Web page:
While the Federal Power Act requires most hydropower projects to secure a license from the Federal Energy Regulatory Commission, some off-grid hydropower projects that do not use the waters of the United States do not require licensure.  In 2010, the Antrim Treatment Trust filed a Declaration of
Intent for a 40-kilowatt grid-connected project, but quickly revised its project to be off-grid after the Commission issued an order finding that a license was required for the grid-connected project.  Once the project was off-grid, the Commission ruled that no license was required.

The Antrim treatment plant seems to have then operated one turbine, but left the second turbine non-operational. A 2012 article in the Williamsport Sun-Gazette suggested that with both turbines running and selling power into the electricity grid, the treatment plant could cut $12,000 in annual power costs and make $10,000 per year in new revenue.  But this could require a FERC license, because the project would become connected to the utility grid.

The Trust appears to have decided that these economics were worth pursuing, because in 2013 it filed an application for a project license for a 40-kilowatt project.  In the application, Antrim Trust proposed to bring a second identical turbine (currently in place but non-operational) online by installing additional indoor wiring with appurtenances within the existing powerhouse and treatment plant, and operate both turbines as a grid-connected project using the treated and/or untreated water.

As licensed, the Commission estimates the annual cost to develop and maintain the proposed 40-kW project is $9,356 or $37.42/megawatt-hour (MWh).  The project will generate an estimated average of 250 MWh of energy annually.  Based on Commission staff’s view of the alternative cost of power ($56.93/MWh), the total value of the project’s power is $14,233 in 2013 dollars.  To determine whether the proposed project is currently economically beneficial, staff subtracts the project’s cost from the value of the project’s power. Therefore, in the first year of operation, the project is expected to cost $4,877 or $19.51/MWh less than the likely alternative cost of power - demonstrating economic benefit.

Micro-hydropower projects can make economic sense in some mine drainage situations and other places where water treatment is required and a suitable vertical drop or pressure is available.  In Antrim's case, the project's success can partially be explained by the existence and purpose of the Trust, as well as the DEP grant to support project construction.  If treated and untreated mine drainage can be used to generate hydroelectricity, what other unusual sources of power will arise?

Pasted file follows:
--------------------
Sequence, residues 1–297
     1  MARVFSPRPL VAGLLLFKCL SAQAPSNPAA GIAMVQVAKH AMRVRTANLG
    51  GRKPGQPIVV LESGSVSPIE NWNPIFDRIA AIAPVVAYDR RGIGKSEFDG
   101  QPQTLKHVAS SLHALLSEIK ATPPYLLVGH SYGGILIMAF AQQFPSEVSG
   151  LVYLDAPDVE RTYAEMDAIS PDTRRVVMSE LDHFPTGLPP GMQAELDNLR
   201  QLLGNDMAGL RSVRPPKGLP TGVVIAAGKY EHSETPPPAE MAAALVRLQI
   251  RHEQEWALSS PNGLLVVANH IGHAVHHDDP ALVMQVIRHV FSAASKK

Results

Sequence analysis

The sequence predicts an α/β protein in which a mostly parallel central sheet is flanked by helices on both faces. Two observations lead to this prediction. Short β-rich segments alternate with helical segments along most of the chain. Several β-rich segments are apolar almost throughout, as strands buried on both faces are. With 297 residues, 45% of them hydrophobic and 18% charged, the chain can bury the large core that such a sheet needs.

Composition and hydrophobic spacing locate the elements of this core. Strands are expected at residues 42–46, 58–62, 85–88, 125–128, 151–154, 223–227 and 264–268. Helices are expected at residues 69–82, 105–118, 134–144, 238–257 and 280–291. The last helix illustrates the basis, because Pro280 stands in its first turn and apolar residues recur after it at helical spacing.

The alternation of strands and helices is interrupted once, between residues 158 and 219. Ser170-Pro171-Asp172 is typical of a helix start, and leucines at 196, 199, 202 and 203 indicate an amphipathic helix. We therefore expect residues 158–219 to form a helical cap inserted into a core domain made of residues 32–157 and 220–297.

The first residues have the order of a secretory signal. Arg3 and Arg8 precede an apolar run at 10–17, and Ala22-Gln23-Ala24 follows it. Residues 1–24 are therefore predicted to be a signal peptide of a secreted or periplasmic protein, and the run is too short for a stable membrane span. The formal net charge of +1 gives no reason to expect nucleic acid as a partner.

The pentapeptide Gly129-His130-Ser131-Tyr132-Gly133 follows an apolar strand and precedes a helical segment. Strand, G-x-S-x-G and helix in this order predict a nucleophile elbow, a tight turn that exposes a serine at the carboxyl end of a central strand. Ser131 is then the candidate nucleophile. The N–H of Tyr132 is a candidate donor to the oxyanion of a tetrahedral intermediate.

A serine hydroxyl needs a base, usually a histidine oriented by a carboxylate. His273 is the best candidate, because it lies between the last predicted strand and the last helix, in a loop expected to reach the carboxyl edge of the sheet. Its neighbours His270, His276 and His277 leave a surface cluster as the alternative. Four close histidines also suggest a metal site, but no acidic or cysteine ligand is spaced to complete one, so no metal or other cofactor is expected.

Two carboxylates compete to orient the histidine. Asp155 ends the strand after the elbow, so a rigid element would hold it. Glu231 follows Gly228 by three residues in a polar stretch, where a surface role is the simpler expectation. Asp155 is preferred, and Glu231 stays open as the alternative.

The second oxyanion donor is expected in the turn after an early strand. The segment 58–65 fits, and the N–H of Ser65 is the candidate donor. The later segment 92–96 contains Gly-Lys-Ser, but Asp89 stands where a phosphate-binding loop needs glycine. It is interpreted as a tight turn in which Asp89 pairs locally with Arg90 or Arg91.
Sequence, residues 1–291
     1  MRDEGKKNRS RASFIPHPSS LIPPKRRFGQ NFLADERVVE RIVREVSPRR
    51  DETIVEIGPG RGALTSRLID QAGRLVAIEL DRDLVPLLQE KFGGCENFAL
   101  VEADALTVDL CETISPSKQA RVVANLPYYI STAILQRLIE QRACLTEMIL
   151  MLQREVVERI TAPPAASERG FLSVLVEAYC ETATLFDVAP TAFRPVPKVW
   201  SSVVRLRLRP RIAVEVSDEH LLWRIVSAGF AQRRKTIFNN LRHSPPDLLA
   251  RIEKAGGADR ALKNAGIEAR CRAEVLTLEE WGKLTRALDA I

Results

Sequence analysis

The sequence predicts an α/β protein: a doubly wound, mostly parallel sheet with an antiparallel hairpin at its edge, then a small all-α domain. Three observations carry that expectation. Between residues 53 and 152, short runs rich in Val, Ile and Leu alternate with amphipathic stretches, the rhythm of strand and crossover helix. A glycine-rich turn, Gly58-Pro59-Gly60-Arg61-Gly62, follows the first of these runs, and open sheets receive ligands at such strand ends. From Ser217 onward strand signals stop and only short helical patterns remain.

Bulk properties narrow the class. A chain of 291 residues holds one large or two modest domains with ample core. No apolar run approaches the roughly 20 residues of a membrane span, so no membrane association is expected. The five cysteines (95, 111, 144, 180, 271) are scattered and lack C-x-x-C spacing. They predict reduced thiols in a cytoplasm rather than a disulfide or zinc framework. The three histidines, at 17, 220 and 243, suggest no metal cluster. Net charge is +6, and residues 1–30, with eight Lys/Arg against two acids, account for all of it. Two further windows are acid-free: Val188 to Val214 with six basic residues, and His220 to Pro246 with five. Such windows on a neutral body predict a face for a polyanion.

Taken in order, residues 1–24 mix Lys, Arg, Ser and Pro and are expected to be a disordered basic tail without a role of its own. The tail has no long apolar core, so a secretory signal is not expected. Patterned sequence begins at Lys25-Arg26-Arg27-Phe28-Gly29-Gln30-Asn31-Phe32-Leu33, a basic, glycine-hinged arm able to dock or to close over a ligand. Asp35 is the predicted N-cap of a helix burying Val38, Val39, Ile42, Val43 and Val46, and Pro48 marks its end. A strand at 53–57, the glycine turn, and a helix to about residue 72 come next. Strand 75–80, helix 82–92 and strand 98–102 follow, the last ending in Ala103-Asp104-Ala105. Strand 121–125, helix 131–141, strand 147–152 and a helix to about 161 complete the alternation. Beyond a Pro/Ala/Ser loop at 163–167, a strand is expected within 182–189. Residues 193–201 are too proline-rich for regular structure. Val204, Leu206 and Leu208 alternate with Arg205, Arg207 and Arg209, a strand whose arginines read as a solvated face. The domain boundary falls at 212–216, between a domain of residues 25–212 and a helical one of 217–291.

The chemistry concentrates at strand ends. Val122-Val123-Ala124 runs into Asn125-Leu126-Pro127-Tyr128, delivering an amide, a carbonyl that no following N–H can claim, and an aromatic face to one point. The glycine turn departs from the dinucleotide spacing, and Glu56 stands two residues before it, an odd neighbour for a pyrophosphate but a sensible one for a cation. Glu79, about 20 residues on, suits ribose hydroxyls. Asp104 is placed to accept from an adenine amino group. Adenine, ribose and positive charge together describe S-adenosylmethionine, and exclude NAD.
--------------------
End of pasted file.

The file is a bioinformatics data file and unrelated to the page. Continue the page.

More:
Oregon wave energy project surrenders license

Monday, August 25, 2014

Ocean waves contain tremendous amounts of energy that could be harnessed by humans -- but difficulties have led a pilot project proposed off the Oregon coast to surrender a key federal license.

Calm waters along the shore of Penobscot Bay, Maine.

Ocean Power Technologies subsidiary Reedsport OPT Wave Park, LLC had proposed a wave energy project in the Pacific Ocean off the central Oregon coast.  In 2012, the Federal Energy Regulatory Commission issued a license for the project.  That license authorized the developer to install a single "PowerBuoy" wave energy converter for testing, followed by additional grid-connected buoys.  The developer also envisioned a third phase that could bring the project's capacity to 50 megawatts, and secured a preliminary permit from the Commission to study the site.

Despite securing these key regulatory approvals, the Reedsport project quickly ran into technical difficulties.  Reedsport began construction of the project in September 2012, by installing a single floating gravity based anchor and auxiliary subsurface buoy.  However, this first phase of the project was unsuccessful and the auxiliary buoy sank.  Reedsport removed the buoy and associated tendon and outer mooring lines from the project area on October 17, 2013.  On February 28, 2014, Ocean Power Technologies notified the Federal Energy Regulatory Commission that it intended to surrender its preliminary permit for the 50 megawatt third phase, but left the first phase's license in place for the moment.

On May 30, 2014, Reedsport filed an application to surrender its license for project, stating that financial and regulatory challenges in developing the project have forced it to conclude that it cannot proceed with the development of the project.  The Commission accepted that license surrender by order dated August 14, to be effective following confirmation of the project's decommissioning.

With the Reedsport project shelved, no wave energy project currently holds a FERC license.  Several tidal projects have been licensed, one wave-based hydrokinetic project has secured a preliminary permit, and two other wave energy projects have pending applications for preliminary permits.  The ocean remains a demanding environment, and the economics of most wave energy projects are challenging.  Will others succeed where Reedsport OPT has not?